In brief - 2004-05-20

  • 2004-05-20
Thailand's billionaire Prime Minister Thaksin Shinawatra says his 60-million pound bid for a 30 percent stake in the English soccer side Liverpool has been accepted by the club "in principle."

Shinawatra said that the deal had been "60 percent agreed" but added that he would consider other alternatives if he felt the Liverpool board hesitated too much over the deal. Liverpool has already rejected a 73-million pound bid by Steve Morgan, a building tycoon and lifelong fan of the club. Most observers believe the deal will go through over the next few days. Liverpool was a dominant force in English and European soccer in the 1980s but hasn't won the English league for more than a decade.

Transsexuals have been given the official go-ahead to compete in the Olympics for the first time. The International Olympic Committee approved a proposal to allow athletes who have undergone sex-change surgery to participate in the games if their new gender has been legally recognized and they have gone through a minimum two-year period of postoperative hormone therapy. The decision, which covers both male-to-female and female-to-male cases, will come into effect starting with the Athens Olympics in August.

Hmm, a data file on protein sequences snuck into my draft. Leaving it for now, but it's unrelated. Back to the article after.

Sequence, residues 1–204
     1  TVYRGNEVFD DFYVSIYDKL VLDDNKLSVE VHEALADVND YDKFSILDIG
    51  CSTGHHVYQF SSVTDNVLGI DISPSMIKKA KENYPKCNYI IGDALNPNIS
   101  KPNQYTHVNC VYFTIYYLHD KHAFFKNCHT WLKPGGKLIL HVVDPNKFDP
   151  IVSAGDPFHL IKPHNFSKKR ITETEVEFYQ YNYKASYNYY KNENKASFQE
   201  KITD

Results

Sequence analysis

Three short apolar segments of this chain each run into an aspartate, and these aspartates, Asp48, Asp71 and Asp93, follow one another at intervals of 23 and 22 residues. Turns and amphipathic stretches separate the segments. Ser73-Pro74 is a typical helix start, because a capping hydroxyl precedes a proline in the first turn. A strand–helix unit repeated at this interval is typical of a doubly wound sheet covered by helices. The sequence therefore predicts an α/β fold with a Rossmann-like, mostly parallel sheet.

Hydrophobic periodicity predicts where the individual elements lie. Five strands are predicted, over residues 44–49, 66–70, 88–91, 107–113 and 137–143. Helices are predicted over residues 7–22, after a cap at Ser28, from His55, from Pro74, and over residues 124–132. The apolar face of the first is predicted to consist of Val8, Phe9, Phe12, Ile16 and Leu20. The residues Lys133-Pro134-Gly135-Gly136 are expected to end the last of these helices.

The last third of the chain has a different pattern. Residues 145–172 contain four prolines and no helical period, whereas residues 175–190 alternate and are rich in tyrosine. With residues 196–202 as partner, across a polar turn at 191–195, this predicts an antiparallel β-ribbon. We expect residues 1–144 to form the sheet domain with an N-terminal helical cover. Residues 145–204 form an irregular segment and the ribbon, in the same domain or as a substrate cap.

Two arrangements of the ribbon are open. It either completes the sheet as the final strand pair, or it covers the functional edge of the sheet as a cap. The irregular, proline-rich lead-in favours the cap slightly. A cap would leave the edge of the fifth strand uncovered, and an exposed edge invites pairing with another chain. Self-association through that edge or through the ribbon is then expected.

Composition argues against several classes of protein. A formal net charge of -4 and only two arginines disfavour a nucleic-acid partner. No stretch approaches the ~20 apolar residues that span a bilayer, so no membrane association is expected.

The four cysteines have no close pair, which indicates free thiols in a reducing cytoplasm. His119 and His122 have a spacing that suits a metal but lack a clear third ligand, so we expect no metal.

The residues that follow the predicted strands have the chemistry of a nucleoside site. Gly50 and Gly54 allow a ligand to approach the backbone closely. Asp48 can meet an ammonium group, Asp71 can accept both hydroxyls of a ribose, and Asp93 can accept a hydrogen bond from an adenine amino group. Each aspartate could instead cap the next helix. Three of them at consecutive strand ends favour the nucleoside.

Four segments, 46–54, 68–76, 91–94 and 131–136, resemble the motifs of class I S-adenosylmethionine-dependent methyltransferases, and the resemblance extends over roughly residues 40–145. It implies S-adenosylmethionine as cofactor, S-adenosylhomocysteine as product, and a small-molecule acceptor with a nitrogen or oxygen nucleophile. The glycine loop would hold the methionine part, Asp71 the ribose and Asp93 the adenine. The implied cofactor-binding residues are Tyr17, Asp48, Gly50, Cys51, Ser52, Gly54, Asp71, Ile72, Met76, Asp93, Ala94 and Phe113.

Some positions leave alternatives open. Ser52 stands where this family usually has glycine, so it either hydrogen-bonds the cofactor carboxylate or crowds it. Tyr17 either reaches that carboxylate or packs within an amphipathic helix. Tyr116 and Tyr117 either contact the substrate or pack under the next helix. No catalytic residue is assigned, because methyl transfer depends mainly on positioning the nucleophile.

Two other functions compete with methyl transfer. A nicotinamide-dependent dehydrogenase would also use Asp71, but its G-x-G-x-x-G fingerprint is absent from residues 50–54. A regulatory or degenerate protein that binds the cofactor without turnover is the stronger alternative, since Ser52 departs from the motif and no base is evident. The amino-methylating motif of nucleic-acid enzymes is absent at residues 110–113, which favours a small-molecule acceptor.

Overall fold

Marian Jones, the triple Olympic athletics champion, said that she was prepared to sue if she was prevented from competing at the Athens Olympics because of information obtained in a United States Justice Department investigation into the illegal sale and use of steroids. Last week the US Senate, which has been looking into the use of performance-enhancing drugs in sport, handed over its findings to the United States Anti-Doping Agency of a Justice Department investigation into a major steroid scandal. As part of the investigation several prominent American Olympians, including Jones and her partner Tim Montgomery, the 100-meter world-record holder, have testified before a federal grand jury. Jones, who won five medals at the Sydney games, says she has never used performance-enhancing drugs and her name will be cleared when the findings are made public.

Former boxing heavyweight champion Riddock Bowe (photo) was released from prison May 17 after serving a 17-month sentence for kidnapping his first wife and their children in 1998. The 36-year-old boxer was released early for good behavior. Bowe's lawyers said that the kidnapping was a misguided attempt to reunite his family.